One of my goals when riding is to be as visible as possible. On previous bikes I’ve mounted PIAA driving lights and Hyperlites — LED brake light additions that flash when the brakes are applied for extra attention.
On the V-strom, I wanted to go a slightly different route, in part because driving lights can use up lots of watts, which are in relatively limited supply on the strom. And since I run with heated gear in the winter, I went with a low-watt option, LED driving lights.
After lots of web browsing, and cruising through local auto parts stores, I read about the plasma LEDs from PlasmaLED.com. The high-power model seemed just the ticket — waterproof, only requiring three watts each and super bright, for an LED. Keep in mind, I want increased visibility from other drivers as I’m riding, not extra light for riding at night. I picked up two of the 008 models for a little over $40 with shipping, and a few trips to the hardware store resulted in #4 bolts, lock washers, nuts and some metal corner brackets.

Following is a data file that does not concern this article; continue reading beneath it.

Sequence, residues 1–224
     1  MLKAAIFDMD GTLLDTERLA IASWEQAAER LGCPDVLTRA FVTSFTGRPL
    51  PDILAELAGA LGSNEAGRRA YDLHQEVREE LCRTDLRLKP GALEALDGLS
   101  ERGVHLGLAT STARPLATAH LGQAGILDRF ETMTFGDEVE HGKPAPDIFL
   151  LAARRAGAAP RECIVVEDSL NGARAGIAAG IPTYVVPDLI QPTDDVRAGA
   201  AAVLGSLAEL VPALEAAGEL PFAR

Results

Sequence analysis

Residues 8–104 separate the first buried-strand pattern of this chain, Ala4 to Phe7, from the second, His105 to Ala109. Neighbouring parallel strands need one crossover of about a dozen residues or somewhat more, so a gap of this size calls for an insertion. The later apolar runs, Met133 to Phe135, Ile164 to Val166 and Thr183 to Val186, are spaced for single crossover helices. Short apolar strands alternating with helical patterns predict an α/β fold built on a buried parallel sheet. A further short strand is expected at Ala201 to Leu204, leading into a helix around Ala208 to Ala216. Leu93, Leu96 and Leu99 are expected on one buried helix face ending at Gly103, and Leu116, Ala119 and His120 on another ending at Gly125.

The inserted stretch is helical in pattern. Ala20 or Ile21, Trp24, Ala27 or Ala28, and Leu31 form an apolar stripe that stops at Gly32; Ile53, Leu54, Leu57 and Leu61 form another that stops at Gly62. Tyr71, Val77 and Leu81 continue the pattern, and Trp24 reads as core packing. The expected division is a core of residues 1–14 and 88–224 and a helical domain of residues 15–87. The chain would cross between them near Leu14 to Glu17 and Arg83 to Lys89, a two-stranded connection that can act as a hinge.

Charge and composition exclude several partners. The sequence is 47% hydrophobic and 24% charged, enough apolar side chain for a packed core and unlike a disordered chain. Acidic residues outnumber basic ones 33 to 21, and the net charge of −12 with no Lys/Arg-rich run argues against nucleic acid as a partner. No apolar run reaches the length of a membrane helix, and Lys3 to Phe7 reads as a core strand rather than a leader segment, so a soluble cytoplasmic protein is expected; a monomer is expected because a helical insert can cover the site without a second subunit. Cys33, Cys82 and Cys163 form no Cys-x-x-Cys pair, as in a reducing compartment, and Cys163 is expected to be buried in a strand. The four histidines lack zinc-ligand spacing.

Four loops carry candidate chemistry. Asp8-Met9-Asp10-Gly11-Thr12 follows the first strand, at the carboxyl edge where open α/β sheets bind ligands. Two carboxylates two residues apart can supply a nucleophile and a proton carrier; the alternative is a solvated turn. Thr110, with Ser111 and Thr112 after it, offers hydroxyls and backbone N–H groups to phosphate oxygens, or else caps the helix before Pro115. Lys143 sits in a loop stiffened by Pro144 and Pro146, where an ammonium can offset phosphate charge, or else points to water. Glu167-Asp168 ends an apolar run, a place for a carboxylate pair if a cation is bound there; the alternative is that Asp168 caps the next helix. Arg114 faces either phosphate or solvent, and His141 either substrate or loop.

I had to do some drilling and cutting of the brackets to better match the shape of the lights, and mounted them to the reflector stem on the front forks. I wanted them as low as possible to create a triangle of light for oncoming vehicles to see me. I painted the brackets black (I’ll use a higher quality paint later), soldered a wiring harness of sorts and ran the wires to the batter via a fuse and simple switch (from Radio Shack) I installed in the dash. I wanted to be able to switch them off if I desire, and initially wanted to be able to have the lights on, without the bike switched on — for setting up camp or similar. Later I changed the wiring to a PC-8 fuse block using a switched fuse (from Eastern Beaver) since I was more likely to just leave the lights on after a morning commute sometime.
I was concerned the lights might move from all the vibrations and bumps a front tire receives, but after 400 miles, they’ve been just fine, and they are amazingly bright at night and during the day! Overall, I’m extremely happy, and they’re far less expensive in dollars and watts than PIAAs or other alternatives. Photos are below – you can click each one to see a larger version.
A few items that may help: